A risk or a benefit? N.S. mass shooting inquiry scrutinizes police items circulating in public
The Mass Casualty Commission heard various perspectives Wednesday from collectors, academics, lawyers and former officers on police impersonation and paraphernalia.
The commission leading the public inquiry into Nova Scotia’s mass shooting has heard a conversation on the risks and benefits of having police items circulating in public.
The Mass Casualty Commission is leading the inquiry into the 2020 massacre where 22 people were killed by a gunman wearing parts of a Mountie uniform and driving a replica RCMP cruiser.
Wednesday’s discussion involved various perspectives from collectors, academics, lawyers and former officers on police impersonation and paraphernalia.
Phil Bailey, who retired after a career with the Edmonton police, said he has hundreds of police hats, badges and coins from police services across the country.
“It’s the pride in the uniform — some of the badges that have been provided to me by families, it’s because they wanted the symbol of what their family went through to be recognized,” Bailey said.
He added that collections like his preserve history that might be otherwise lost, and have helped him form friendships and connections with officers and civilians around the country.
Useful in emergencies, says retired Mountie
Brian Carter, a retired RCMP officer and past president of the RCMP Veterans’ Association in Nova Scotia, said carrying his badge and ID that identify him as a retired Mountie has helped when he’s come across a car crash or saw a fight happening and stepped in.
But Julia Cecchetto, the former police chief in Kentville, N.S., who also served with the Halifax Regional Police for decades, said she doesn’t think retired officers of any service should have these items.
“Whether it says retired on it or not, the public does not see that. They see a shiny badge,” Cecchetto said.
Cecchetto also she approves of Nova Scotia’s recent trend of having all retired badges encased in a “very large chunk” of plastic so they can’t be used.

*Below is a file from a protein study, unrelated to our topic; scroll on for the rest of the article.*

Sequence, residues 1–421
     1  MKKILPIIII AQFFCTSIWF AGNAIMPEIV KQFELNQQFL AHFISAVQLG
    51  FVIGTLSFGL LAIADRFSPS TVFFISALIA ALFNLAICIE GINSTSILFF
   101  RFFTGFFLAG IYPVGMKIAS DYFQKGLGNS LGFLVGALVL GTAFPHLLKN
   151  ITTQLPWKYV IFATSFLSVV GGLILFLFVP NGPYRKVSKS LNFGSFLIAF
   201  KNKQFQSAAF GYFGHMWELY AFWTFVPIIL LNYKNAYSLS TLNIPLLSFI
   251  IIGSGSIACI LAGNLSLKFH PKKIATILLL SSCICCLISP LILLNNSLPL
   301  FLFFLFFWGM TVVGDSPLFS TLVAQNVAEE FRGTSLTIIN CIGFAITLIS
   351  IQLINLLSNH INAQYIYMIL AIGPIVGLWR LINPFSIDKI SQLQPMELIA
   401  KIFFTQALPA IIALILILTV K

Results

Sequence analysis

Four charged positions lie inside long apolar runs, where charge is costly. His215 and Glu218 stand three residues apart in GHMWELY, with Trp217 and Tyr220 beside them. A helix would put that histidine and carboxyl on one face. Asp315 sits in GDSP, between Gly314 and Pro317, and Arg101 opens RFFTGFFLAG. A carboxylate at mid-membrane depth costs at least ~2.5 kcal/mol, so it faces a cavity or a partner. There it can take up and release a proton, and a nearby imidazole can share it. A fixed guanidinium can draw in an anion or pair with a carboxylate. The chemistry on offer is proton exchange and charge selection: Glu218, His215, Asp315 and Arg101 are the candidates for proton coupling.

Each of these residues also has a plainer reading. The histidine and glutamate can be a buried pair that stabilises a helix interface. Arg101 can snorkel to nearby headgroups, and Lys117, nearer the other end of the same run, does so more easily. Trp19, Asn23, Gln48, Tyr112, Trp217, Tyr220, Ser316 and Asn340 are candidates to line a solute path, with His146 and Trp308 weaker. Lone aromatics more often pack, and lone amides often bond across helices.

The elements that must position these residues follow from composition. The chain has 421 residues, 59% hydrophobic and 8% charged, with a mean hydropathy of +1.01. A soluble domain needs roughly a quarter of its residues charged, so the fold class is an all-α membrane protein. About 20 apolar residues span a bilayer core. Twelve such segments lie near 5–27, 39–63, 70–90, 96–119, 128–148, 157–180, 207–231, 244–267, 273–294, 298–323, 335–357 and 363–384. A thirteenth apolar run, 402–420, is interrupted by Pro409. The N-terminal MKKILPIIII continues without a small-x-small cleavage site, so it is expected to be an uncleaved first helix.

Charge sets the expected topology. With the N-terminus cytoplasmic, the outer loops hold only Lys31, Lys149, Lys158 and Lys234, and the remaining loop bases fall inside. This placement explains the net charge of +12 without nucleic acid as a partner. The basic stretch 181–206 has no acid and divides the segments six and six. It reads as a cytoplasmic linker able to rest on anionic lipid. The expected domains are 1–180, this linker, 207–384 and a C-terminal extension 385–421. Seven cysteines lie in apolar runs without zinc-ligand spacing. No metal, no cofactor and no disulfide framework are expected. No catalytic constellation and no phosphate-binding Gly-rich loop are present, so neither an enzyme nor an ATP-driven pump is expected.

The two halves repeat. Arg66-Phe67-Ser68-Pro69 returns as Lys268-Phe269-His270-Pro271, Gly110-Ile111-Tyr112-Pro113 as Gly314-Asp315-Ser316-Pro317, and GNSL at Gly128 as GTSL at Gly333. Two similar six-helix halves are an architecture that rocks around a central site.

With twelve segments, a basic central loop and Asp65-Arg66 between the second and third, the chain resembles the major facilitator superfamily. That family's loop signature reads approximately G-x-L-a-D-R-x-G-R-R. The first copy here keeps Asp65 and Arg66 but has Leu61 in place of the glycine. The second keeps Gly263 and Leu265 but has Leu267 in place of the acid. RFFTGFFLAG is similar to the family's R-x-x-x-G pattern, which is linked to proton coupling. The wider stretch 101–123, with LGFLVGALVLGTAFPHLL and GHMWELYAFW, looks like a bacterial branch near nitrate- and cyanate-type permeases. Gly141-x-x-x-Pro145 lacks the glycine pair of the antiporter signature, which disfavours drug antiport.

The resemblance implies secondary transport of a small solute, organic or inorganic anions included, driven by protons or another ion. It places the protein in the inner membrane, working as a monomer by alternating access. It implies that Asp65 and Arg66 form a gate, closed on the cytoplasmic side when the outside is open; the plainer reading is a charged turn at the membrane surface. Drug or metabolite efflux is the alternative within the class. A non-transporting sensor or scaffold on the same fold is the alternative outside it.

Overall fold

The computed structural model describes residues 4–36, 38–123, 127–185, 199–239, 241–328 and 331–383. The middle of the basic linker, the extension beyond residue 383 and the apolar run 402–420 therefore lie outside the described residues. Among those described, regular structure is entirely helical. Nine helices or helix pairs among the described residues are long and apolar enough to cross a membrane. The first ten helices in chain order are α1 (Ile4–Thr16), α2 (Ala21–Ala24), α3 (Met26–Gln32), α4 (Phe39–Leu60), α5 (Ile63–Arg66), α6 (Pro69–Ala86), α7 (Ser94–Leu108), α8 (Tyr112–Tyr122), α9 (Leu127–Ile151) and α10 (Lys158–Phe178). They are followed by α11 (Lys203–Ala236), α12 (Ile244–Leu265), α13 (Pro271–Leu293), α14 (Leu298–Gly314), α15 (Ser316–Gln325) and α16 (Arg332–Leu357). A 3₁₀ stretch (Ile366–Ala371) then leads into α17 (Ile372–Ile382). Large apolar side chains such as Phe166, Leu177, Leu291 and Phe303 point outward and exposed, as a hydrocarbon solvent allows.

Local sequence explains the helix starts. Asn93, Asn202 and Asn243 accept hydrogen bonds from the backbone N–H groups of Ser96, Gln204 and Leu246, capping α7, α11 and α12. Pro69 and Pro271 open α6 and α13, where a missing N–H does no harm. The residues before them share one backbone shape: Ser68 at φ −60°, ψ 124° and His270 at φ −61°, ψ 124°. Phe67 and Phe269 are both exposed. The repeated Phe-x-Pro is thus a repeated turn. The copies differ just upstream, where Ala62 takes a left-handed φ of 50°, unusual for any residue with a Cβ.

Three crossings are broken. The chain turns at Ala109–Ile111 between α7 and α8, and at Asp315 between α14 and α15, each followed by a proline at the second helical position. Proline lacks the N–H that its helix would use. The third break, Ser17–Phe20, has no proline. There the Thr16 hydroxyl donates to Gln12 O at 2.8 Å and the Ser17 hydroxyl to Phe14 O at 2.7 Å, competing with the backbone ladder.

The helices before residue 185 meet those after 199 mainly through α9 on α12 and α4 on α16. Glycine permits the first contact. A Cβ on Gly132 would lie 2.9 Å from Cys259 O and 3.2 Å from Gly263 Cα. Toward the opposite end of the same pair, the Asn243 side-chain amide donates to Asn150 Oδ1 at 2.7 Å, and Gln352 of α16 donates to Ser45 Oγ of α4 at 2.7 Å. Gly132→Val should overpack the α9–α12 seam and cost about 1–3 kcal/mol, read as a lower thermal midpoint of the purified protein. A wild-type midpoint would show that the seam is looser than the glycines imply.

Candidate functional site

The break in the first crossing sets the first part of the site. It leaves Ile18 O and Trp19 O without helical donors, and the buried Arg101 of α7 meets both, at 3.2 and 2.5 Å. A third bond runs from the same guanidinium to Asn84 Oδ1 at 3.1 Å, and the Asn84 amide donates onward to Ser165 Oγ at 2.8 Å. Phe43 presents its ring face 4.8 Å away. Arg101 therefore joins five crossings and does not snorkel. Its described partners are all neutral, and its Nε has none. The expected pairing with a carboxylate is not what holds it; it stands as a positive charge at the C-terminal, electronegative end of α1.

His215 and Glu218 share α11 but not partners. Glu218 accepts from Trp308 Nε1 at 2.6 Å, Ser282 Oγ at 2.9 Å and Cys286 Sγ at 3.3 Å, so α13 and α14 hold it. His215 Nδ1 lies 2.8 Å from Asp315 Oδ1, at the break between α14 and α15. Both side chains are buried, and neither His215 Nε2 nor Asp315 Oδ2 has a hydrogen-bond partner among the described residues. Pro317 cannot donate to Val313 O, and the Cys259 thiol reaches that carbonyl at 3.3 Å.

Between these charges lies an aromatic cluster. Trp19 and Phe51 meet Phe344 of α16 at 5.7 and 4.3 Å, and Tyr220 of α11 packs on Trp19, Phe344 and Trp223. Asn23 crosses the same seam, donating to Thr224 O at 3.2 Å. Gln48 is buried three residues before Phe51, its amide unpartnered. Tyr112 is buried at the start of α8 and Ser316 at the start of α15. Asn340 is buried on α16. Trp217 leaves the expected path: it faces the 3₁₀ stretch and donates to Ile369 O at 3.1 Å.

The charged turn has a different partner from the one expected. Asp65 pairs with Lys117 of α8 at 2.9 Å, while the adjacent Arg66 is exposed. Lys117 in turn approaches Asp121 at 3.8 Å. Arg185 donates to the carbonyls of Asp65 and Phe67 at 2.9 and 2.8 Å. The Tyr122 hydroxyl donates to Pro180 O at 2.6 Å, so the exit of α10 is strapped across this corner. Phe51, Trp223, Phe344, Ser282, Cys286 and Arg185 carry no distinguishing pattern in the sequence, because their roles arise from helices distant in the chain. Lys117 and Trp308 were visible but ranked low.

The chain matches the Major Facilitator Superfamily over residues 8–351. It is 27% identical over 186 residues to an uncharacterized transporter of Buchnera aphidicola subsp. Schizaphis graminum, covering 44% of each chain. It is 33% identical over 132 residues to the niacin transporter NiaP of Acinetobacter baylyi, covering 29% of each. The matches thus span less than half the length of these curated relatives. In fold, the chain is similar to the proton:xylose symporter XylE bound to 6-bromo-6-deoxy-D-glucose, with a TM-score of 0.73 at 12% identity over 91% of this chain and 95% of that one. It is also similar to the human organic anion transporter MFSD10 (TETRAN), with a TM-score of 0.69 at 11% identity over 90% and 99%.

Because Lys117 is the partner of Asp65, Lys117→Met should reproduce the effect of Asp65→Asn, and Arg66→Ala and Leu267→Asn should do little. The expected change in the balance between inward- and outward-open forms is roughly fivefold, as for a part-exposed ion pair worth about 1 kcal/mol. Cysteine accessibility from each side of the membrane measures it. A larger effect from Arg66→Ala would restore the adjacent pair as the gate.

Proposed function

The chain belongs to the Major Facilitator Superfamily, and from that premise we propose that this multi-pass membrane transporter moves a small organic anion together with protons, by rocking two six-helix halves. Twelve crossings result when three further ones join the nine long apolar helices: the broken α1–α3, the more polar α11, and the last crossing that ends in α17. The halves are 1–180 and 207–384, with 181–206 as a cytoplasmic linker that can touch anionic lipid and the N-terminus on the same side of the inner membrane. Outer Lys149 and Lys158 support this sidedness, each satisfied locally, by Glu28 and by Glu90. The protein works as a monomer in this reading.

While all three officers said it was important to keep their dress uniforms so they could wear them for memorial services like Remembrance Day or police funerals, another option was brought forward.
The inquiry heard there are veteran blazers that vary slightly in style from service to service, but often are very expensive. Cecchetto said she would be open to wearing the blazer instead of the dress uniform upon retirement if police agencies footed the bill.
As a former Mountie, Carter said he and most RCMP veterans take special pride in keeping their red serge after retirement because they consider the uniform a symbol of Canadian pride and one that is recognized all over the world.
But Montreal lawyer Meg Daniel said for many Indigenous people, the RCMP is a symbol of oppression and trauma. She said the force had a role in upholding residential schools, and was formed to track and subjugate Indigenous communities.
The inquiry heard that most cases of impersonation in Canada within the last 25 years have not involved real police paraphernalia; someone confidently claiming to be an officer was often enough.
Gunman got items online or from family
Earlier this week, the inquiry heard more about how the gunman in the Nova Scotia mass shooting created the replica cruiser from a decommissioned RCMP Ford Taurus and gathered other police paraphernalia like uniforms and equipment from either relatives or online.
Carter said it would be “impossible” to prevent police impersonation in Canada, so the remaining option is to cut down the risk as much as possible.
“So will taking, for example, the ceremonial uniform of the RCMP away from retired members — will that have any effect on the risk? You could argue … no, because people can make the uniform,” Carter said.
But Daniel and Cecchetto both said as mothers, if they lost children in an incident like the mass shooting, no benefits or arguments would outweigh the risks.
“The actual harm is so great, and we know that the harms are more likely to be visited on those people who don’t enjoy any of the advantages of those symbols,” said Daniel.
Another strategy would be to have members of the public question the credentials of police when they encounter an officer, Cecchetto said, and call the officer’s detachment to make sure they’re legitimate.
Officers should be trained from the get-go to expect this, she added, and any officers who take offence would be dealt with internally.
Federal government waiting for commission findings
With a new provincial law coming into effect May 12, Nova Scotia will be the only province with legislation making it illegal to possess police gear or badges without authorization.
Commissioners said they will take the entire discussion into consideration as they work toward their final report.
A spokesperson for the federal Justice Department said in an email Wednesday the Criminal Code does not prohibit the sale or possession of police equipment, but it is a crime to use any items to impersonate an officer.
Geneviève Groulx said the federal government is not considering any changes to the law. She added the government “looks forward to reviewing the commission’s findings.”